I’ve been thinking a lot about intolerance lately. There’s a lot of it out there. Including my own.

I worry a lot about my kids, especially my teenage daughter. When I listen to news reports, especially when it comes to things like the news coverage of the Trayvon Martin case last summer and the protests and riots in Missouri this summer.

I saw on the news today that several new hashtags are being spread around out there. One is #Ihadthetalk…a hashtag that describes the need for black parents to teach their teenage kids how to respond when a cop pulls them over or approaches them in a public place. They reported it like this talk is a shameful thing for parents to have to do.

Teaching respect for authority has become a shameful thing.

What is this teaching my children about tolerance? About respect and morality? What am I teaching them by responding passionately to the things I hear? Am I helping them face the world with honesty as they prepare to go out into it alone? Or am I making it so frightening that they will struggle to find their own independence?

I have four kids. Two, boys, are adults now and living on their own. One was married last year and is expecting his first child next month. I think I’ve mentioned that before. And then I have a fifteen year old daughter and another son who turned seven this past May.

What kind of a world am I sending them out into?

Intolerance comes in many, many forms.

Racial intolerance is something my family has dealt with in the past. Not so much my husband and I, but our son has for reasons I don’t suppose I need to go into here. That is my son’s story to tell. But it frightens me when I hear what he, and, indirectly, his wife, have faced and when I realize that this is the world my granddaughter is about to come into. Will she have to watch her father discriminated against? Will she be?

Fat shaming, another form of intolerance, is something I have dealt with. I’m not comparing it to racial discrimination, mind you, but there is nothing about any form of intolerance that is fun to face. Like walking through the mall with my husband and small children, feeling real good wearing jeans for the first time since high school, when two men walked pass me and oinked.

And then there’s diabetes.

Those of you who have read my blog before know I hate the blame game that some in the diabetes community play. I know it comes from fear, but maybe that’s what makes me so angry about it. Because the truth is, most intolerance comes from fear. It comes from people facing a common future and making themselves believe that if they act differently, if they look differently, if they feel differently, they won’t have to suffer the same consequences as someone who acts, looks, or feels differently from them.

But, I’m ashamed to admit, that I, too, have my own intolerances.

I’m intolerant of doctors who see a little weight gain and automatically assume it is noncompliance to dietary and exercise instructions.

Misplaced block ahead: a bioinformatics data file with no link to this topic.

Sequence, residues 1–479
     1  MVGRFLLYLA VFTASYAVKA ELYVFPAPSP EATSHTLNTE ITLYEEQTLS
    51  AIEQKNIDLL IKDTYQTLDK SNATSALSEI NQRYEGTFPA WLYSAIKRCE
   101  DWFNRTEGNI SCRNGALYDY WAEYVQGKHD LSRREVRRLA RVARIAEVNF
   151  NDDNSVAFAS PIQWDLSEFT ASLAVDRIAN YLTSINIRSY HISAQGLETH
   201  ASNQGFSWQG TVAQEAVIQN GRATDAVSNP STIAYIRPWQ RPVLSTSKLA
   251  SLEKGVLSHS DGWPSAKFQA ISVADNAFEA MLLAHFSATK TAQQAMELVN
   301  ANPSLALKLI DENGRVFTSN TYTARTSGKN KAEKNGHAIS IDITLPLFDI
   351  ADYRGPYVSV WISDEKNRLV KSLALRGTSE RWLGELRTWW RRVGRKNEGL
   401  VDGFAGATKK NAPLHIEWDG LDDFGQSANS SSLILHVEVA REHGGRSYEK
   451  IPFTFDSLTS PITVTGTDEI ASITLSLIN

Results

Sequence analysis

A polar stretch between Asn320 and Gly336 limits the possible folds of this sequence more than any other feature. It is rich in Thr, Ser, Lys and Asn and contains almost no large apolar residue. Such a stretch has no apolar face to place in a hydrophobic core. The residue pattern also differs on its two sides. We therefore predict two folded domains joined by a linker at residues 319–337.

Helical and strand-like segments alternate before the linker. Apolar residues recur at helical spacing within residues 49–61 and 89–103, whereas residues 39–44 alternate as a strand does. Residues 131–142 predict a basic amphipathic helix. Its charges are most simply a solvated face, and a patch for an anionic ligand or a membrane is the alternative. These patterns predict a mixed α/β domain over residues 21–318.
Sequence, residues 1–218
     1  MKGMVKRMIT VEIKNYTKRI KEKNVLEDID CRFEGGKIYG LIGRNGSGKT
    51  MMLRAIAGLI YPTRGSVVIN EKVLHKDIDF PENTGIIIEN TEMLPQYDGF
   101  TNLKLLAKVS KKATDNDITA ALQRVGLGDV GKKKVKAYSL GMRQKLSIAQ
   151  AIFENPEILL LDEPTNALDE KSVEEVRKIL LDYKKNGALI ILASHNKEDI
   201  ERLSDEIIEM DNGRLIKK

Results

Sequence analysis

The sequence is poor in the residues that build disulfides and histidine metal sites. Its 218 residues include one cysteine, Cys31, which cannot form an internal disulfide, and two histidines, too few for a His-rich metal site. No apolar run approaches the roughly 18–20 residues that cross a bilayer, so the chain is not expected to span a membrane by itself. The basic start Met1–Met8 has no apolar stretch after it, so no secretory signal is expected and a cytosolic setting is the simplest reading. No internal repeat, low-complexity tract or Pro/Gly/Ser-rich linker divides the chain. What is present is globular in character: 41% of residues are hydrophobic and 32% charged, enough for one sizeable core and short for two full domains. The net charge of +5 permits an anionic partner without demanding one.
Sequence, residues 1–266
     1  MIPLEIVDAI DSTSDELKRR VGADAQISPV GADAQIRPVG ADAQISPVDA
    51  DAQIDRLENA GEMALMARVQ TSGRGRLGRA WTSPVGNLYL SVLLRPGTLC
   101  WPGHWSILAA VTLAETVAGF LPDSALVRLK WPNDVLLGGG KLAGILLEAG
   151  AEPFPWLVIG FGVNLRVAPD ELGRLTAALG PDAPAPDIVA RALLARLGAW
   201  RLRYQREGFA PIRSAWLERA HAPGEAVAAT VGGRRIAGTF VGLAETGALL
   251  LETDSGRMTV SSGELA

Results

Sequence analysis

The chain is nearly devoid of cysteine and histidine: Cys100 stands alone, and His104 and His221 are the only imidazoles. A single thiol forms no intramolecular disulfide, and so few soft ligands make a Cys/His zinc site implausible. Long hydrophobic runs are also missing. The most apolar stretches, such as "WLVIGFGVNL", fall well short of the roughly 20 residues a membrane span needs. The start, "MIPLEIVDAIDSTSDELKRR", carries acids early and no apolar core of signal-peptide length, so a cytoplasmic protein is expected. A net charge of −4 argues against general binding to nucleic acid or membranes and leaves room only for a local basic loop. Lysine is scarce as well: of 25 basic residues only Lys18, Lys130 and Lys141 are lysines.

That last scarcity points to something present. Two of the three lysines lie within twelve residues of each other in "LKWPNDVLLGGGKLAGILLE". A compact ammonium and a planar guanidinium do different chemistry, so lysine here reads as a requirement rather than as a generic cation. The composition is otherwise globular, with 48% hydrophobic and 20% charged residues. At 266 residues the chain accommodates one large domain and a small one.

I’m intolerant of the dietician who refuses to believe that an overweight diabetic doesn’t sit around eating hamburgers and french fries all day.

I’m intolerant of the doctor who said she couldn’t start me on insulin because I would gain weight even though my sugars were consistently in the 250-300 range.

I’m intolerant of the type 1 who admitted he disliked all type 2s because they could cure their diabetes if they were only compliant with doctor’s orders, diet, and exercise.

I’m intolerant of those who say you aren’t a true diabetic if you can control your disease with only diet and exercise.

I’m intolerant of those who say ‘If you controlled your sugars like you’re supposed to, you wouldn’t have complications.’

I’m intolerant of those who say fat diabetics brought this condition on themselves because of their lazy, self-indulgent habits.

I’m intolerant of those who claim that the only diet that a diabetic should eat is a low carb diet.

I’m intolerant of the word ‘noncompliance’.

I’m intolerant of immature jerks who think I don’t notice when they laugh at me behind my back.

They say the first step to overcoming your addictions is to admit you have a problem. Maybe if I admit my intolerances, I will find a way to make things better not only for myself, but for my children and their children.

I shutter to think that I might have passed this condition on to one of my children. It’s a fear I know many in the diabetes community share. For me this fear is not just restricted to how their lives will be affected by the condition itself. Health is a precarious thing. My oldest child has already suffered the effects of leukemia. What a nightmare to see your child go through something so horrific…especially when he was so young that he thought the only way to prove his independence and masculinity was to hide the worst of it from those who love him the most. So, I’ve already been there as far as life changing health conditions go.

My fear is not just their health. But the stigma that comes with this condition.

I am an obese woman. My husband is an overweight man. Our children are within a healthy weight range now, but there’s nothing to guarantee that the obesity gene won’t kick in and cause them to become overweight or even obese. That, coupled with a diagnosis of diabetes, and the current attitude toward fat diabetics…its not a fate I would wish on my worst enemy, let alone my precious, beautiful, hardworking children.

There is a lot of intolerance in the world. Including my own.

And this is why we cannot stop fighting to change our own attitudes…maybe then we can change the world.